| 10.1°C Belfast

Concern following dip in prostate cancer referrals

Experts have raised concerns that the number of patients being referred for help has dipped during lockdown.

Close

Men in at risk groups are being encouraged to call their GP to ask about the pros and cons of a PSA blood test (Anthony Devlin/PA)

Men in at risk groups are being encouraged to call their GP to ask about the pros and cons of a PSA blood test (Anthony Devlin/PA)

Men in at risk groups are being encouraged to call their GP to ask about the pros and cons of a PSA blood test (Anthony Devlin/PA)

The number of referrals for men who have got suspected urological cancer dipped to its lowest level in 10 years during lockdown, a charity has warned.

Prostate Cancer UK raised concerns that a dip in referrals would mean that more men are diagnosed later on in their illness – potentially meaning their disease has progressed to an incurable stage.

Its analysis of data showed that urgent referrals for urological cancers dropped in England compared to the same period last year.

The charity estimates that there have been 27,000 fewer patients referred than expected since the UK lockdown period began in March this year.

Angela Culhane, chief executive at Prostate Cancer UK, said: “Earlier this year, we announced that prostate cancer had become the most commonly diagnosed cancer in the UK, thanks largely to a greater awareness of the disease in recent years.

“Detecting prostate cancer earlier helps save lives, but Covid-19 has made it harder for men to visit their doctor this year – especially if they don’t feel unwell or have no symptoms.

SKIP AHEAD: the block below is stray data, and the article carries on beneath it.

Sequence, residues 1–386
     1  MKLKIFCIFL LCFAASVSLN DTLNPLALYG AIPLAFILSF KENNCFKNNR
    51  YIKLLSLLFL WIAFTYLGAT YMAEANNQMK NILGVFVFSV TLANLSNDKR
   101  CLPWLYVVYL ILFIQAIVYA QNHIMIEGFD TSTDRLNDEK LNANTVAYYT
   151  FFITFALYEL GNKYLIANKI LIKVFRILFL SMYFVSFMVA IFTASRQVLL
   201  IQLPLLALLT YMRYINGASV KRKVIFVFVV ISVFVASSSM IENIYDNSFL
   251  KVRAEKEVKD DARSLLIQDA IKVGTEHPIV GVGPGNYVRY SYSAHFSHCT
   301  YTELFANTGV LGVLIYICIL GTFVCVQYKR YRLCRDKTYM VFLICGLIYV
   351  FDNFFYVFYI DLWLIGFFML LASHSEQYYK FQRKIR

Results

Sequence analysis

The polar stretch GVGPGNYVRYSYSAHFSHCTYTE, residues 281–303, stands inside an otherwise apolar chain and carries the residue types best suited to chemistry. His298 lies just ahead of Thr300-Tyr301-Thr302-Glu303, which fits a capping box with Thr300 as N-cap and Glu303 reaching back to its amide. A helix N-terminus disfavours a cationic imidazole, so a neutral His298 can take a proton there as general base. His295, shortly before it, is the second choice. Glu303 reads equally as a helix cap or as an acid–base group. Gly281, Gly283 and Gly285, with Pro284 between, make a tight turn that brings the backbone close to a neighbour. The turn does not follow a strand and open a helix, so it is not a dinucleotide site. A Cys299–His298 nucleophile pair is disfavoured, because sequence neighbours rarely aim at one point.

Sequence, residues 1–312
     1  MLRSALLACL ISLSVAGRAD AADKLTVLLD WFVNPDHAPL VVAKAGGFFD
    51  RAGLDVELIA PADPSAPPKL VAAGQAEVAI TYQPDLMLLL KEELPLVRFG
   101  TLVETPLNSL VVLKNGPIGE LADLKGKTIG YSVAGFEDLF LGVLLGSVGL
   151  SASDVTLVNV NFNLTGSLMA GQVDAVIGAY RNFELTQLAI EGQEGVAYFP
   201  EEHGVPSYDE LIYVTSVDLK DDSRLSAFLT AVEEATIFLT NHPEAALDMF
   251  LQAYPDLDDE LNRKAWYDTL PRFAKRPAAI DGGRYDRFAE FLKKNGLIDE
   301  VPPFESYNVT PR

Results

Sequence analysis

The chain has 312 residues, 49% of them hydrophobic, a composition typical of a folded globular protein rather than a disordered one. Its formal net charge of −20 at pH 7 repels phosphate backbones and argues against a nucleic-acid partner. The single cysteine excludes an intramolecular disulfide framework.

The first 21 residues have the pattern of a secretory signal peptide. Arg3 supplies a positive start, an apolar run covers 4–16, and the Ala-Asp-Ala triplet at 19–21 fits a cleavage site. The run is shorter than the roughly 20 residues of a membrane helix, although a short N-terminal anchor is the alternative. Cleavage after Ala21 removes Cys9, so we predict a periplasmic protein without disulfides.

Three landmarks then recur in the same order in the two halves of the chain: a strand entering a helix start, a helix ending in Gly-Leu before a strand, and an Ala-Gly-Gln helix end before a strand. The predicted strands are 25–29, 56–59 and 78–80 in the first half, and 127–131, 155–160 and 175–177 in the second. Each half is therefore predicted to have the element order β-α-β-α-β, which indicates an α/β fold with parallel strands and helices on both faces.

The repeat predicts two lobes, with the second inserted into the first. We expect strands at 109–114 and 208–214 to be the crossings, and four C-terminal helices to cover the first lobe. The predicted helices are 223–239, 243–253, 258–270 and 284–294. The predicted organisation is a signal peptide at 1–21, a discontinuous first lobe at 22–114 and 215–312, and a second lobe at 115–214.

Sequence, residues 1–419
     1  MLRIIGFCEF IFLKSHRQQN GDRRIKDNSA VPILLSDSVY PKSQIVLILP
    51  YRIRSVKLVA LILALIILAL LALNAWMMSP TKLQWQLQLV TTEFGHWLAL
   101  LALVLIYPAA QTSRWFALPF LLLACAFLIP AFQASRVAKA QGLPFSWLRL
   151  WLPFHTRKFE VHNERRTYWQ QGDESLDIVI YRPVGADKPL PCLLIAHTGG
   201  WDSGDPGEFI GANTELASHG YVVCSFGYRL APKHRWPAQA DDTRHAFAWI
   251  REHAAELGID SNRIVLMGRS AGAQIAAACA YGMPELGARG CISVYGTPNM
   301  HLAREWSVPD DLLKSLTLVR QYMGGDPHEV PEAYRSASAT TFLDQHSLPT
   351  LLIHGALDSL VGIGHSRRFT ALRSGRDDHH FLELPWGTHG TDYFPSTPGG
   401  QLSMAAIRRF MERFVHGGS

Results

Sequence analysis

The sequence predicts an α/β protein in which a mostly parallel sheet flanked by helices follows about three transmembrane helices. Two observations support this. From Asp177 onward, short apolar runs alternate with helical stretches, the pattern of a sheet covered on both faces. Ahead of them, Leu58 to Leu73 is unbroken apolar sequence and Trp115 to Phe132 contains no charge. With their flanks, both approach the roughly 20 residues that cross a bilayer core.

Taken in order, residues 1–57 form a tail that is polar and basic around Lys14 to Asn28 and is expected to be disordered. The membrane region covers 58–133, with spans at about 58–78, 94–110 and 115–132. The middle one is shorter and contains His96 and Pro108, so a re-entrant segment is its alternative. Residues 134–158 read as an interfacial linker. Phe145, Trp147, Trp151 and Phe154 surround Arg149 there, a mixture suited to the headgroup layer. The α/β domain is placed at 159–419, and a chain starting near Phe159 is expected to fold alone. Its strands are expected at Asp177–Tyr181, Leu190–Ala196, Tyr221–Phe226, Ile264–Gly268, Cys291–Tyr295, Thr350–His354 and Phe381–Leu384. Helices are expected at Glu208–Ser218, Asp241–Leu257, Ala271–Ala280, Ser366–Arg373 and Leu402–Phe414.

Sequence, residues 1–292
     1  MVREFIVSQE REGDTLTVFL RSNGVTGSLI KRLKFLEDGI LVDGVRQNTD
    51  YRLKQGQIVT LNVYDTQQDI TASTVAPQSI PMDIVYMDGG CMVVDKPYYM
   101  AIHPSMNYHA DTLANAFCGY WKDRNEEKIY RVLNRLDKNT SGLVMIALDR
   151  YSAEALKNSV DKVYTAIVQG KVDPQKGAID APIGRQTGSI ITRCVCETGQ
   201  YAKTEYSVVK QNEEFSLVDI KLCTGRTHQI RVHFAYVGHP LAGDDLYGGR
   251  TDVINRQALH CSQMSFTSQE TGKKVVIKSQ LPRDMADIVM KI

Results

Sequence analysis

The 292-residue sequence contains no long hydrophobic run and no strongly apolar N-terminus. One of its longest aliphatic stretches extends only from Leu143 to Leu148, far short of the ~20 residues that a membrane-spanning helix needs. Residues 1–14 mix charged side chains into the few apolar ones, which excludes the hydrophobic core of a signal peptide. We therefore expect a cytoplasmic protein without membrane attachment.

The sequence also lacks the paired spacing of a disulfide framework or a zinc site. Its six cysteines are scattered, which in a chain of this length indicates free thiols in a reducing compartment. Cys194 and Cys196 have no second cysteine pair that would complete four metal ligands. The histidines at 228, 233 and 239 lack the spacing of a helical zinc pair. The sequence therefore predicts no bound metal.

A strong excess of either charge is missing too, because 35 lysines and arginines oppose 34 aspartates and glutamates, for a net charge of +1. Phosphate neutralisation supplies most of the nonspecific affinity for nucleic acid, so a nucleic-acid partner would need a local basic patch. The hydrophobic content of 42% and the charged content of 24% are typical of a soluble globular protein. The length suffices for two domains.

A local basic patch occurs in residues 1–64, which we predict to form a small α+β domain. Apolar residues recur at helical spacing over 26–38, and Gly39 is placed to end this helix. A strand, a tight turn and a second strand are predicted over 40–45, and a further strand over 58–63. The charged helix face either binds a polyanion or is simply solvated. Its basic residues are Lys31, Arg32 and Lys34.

“As a result, we estimate there could be 3,500 men in England with a higher-risk prostate cancer which has not yet been diagnosed. If we don’t act now, we could face a future where thousands of men are diagnosed too late, when the cancer has advanced to a stage that cannot be cured.

“Most men with early prostate cancer don’t have any symptoms, so it’s important not to wait until you notice something’s wrong.

“If men are at increased risk because they’re over 50, if they’re black, or if their dad or brother had it, they should call their GP to ask about the pros and cons of a PSA blood test. We’re encouraging everyone to share our 30-second risk checker to help find these men that have missed out on a diagnosis.

“Some areas have been hit especially hard by the pandemic, and it’s critical that men feel safe calling their GP.

“Most GP surgeries offer phone and video consultations, and men need to be reassured that the hospitals their GP may refer them to will be safe and not put them at undue risk from Covid-19.”

Men at risk of prostate cancer, including those over 50, particularly black men, and those with a family history of the disease, are urged to contact their GP to discuss the advantages and disadvantages of a PSA blood test which can give an indication of prostate problems.

Professor Peter Johnson, national cancer director for the NHS in England, said: “45,000 more people were referred for cancer treatment in June compared to the month before, while 85,000 people began cancer treatment during the first wave, with 92% of them starting treatment within two weeks.

“As well as referrals for cancer being maintained during the pandemic, including through GP appointments, the NHS also brought in ‘Covid friendly’ cancer drugs, including enzalutamide for prostate cancer, which enabled people to keep going with treatment safely at home, so if you’re a male aged over 50, or have a family history of prostate cancer, get in touch with your GP to discuss your risk.”

– Prostate Cancer UK has launched an online risk checker, available at prostatecanceruk.org/riskcheck or anyone with concerns about the disease can speak to a Prostate Cancer UK Specialist Nurse on 0800 074 8383.

PA